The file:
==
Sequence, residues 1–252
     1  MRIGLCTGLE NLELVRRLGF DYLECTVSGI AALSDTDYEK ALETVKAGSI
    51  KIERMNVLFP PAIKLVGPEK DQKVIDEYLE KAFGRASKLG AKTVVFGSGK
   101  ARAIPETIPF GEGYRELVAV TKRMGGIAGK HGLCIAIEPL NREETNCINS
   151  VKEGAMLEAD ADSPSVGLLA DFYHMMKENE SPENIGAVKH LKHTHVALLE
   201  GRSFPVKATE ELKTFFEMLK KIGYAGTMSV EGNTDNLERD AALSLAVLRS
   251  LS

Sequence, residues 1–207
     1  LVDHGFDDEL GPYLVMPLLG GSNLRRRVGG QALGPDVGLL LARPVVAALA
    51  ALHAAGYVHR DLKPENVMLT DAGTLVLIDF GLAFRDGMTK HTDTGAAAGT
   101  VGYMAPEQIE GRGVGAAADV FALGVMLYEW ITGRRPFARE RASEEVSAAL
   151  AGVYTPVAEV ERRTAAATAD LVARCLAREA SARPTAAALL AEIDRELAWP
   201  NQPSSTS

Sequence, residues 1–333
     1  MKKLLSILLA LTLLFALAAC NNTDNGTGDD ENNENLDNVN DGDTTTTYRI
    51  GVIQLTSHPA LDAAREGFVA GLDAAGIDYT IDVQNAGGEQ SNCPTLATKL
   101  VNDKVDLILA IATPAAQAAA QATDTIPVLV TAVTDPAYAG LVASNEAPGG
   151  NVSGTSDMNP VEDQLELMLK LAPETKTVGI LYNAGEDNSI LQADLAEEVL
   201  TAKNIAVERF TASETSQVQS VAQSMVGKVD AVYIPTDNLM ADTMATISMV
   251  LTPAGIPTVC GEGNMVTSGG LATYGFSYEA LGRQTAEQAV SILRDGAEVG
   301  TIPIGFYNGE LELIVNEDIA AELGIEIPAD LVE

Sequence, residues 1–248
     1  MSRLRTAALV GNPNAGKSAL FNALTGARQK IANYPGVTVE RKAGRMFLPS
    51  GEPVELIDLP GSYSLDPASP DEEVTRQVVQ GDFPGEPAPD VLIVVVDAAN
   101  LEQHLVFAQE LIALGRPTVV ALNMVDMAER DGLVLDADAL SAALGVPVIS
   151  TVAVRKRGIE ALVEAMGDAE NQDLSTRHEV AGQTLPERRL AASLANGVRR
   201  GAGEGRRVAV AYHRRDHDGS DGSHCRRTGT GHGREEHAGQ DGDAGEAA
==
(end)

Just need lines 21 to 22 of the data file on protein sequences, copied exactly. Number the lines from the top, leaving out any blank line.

   301  TIPIGFYNGE LELIVNEDIA AELGIEIPAD LVE

Sequence, residues 1–248